When we got to the foot of the mountain, the sky was purple and the car park was bleak. Two other fellas were sat with their legs out the door of their Dodge Duster, pulling on wellies with their significantly smaller packs resting by their respective doors. Noting their casual attire, and me dressed like a goalkeeper from the mid nineties in a fetching neon yellow windcheater, accompanied with yellow boots and sporting an Ice axe, walking pole, and huge rucksack…I felt a bit of a fool. Maybe this mountain was child’s play after all.


Mountains at first glances can sometimes look easy. This morning the cloud hung around the middle of the mountain, and the fact that the whole landscape was covered in a thick quilt of snow meant that gaging height, incline or anything was impossible.

My mood rapidly improved, although the heavy boots made anything but a slow plod impossible. The theme from Lord of the rings (you know the part, when the hobbits have some form of uplifting moment…) was playing in my poorly covered head. It was nearly Christmas, the walking was warming me up, and from what I could see it looked like a steady walk up to the summit.


Mountains lull the unsuspecting non-mountaineer into a false sense of security. The scenery is stunning. The incline, not too bad. That 55mph wind Uncle Ol predicted is miles away. I feel elated. In the distance we can see the two welly boot wearing fellas treading a steady course; they are probably having the time of their lives. Uncle Ol and myself make occasional small talk as we stick to what is nothing more than a slightly steep footpath, with occasional thick patches of snow. All in all it’s pretty pleasant. We pass a team of workmen cheerfully working on the path. This isn’t so bad; no place where people work so casually can be a tough place, surely?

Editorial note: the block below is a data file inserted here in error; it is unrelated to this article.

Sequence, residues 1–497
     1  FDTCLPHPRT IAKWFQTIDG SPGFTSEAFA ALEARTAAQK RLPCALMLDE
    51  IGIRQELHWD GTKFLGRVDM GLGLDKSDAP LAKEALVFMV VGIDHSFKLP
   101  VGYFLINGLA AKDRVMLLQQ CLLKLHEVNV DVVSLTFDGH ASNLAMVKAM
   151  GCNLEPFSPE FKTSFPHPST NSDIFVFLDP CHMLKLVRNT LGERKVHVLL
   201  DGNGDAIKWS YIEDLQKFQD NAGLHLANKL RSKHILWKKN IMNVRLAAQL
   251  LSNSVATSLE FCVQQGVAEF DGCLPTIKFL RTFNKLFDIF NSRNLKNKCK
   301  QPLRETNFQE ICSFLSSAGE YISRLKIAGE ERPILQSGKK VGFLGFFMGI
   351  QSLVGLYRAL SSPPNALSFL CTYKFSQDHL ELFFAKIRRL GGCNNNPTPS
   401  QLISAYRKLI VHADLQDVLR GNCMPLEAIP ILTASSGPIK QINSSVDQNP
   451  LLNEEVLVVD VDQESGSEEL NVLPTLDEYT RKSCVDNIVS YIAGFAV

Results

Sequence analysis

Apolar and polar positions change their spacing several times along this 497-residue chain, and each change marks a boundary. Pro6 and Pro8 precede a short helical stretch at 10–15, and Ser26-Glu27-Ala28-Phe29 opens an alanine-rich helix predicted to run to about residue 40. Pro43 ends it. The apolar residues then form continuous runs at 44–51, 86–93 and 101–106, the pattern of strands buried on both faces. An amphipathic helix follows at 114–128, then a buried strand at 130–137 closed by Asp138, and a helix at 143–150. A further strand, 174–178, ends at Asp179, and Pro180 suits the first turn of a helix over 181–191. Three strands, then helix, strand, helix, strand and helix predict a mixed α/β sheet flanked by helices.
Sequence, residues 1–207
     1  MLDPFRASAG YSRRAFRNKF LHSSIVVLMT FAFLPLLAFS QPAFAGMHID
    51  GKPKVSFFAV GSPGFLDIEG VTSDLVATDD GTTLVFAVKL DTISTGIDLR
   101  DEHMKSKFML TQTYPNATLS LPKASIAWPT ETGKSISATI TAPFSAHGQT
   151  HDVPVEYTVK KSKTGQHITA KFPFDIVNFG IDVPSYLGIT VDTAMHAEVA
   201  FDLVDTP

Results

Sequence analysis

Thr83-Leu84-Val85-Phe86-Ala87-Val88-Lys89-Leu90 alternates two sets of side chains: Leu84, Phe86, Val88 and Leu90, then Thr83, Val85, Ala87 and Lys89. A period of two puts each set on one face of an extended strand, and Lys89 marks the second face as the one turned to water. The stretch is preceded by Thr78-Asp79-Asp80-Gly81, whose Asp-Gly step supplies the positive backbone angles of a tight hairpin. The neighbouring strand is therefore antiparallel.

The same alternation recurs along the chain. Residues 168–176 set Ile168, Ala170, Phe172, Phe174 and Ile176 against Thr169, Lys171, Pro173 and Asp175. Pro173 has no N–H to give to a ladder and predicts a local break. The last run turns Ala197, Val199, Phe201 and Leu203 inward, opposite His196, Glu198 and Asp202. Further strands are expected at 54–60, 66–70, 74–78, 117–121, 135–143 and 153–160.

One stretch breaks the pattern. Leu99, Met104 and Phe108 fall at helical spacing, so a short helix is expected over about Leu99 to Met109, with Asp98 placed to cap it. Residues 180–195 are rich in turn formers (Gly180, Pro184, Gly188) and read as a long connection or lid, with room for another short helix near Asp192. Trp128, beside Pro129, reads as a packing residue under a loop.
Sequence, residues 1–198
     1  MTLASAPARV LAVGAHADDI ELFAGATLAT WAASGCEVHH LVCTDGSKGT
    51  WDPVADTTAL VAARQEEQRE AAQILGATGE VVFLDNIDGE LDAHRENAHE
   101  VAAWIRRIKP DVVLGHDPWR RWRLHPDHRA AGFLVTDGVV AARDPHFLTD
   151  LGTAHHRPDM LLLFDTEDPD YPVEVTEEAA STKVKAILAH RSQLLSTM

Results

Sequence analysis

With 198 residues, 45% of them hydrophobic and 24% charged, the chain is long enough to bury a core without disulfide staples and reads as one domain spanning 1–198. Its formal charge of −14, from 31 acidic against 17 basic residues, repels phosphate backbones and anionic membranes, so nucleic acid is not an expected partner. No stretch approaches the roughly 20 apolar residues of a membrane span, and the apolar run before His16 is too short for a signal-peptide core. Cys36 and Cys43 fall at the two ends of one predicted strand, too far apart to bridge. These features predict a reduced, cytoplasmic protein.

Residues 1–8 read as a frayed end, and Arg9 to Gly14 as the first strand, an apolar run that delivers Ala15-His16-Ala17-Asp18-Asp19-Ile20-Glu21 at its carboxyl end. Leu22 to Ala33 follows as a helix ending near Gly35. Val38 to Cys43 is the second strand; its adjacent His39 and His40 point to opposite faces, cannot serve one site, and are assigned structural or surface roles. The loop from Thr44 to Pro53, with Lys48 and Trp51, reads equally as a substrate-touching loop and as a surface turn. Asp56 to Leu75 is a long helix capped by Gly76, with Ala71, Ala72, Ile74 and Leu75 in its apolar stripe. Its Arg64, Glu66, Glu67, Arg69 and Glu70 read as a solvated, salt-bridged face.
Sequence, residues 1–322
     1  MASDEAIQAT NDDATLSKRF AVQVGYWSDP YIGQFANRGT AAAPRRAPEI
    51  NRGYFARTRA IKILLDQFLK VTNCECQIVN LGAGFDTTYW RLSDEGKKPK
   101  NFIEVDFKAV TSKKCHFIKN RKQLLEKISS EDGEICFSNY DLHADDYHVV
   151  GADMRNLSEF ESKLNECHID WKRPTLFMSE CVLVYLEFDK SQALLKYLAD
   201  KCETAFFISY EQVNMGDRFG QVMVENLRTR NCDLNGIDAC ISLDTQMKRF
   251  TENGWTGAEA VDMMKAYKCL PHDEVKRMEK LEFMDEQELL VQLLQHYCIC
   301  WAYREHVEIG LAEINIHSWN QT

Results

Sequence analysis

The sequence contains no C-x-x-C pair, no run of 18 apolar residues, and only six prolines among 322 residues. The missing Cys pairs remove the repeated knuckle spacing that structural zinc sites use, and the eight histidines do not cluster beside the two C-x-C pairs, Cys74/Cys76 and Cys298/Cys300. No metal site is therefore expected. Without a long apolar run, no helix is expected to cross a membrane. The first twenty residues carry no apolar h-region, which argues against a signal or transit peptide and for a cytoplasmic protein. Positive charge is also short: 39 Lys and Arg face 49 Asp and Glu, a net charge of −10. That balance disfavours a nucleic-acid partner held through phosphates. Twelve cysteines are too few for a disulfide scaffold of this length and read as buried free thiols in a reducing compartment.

The path ahead looks broad and is slowly rising, and the sun has come out to raise temperatures up enough for me to slip out of my David Seaman training jacket, circa 1990. There is also talk of a tea break ahead.


Now, Uncle Ol is a plain speaking man. He will tell you some grim foreboding news in a manner where you expect him to finish it off with a smile, a laugh and a pat on the back. However, these little nuggets of reassurance don’t materialise, as if to kick me out of my phony content state.

“When we turn the next corner, the wind will be wild, so don’t let anything go and stay close…”

Ah the wind, the ghost at the feast, I’d forgot about that briefly.

I want to ask Uncle Ol, “Could it cause some form of death or injury to my person?”, but I don’t, as that would sound moronic, exactly the type of thing a city dwelling oaf would say before they get blown off.

I stick close to Uncle Ol, remembering all the folklore and myth my own city harbors about the wind. Do I want to start whistling, maybe whip it up even more? No Joe you maniac, stay cool and don’t antagonise Poseidon or whatever God is in charge of the weather these days.


We round the corner of a rocky edge, and all of a sudden the broad, green, gently rising foothills of Ben Nevis change. Gone are the wide paths and gentle views, replaced by a sheer and pretty terrifying mountain face, speckled white from the snow and black from the rock. It looks like a wall of Vienetta, just much less inviting and much more terrifying. Surely we aren’t going up there…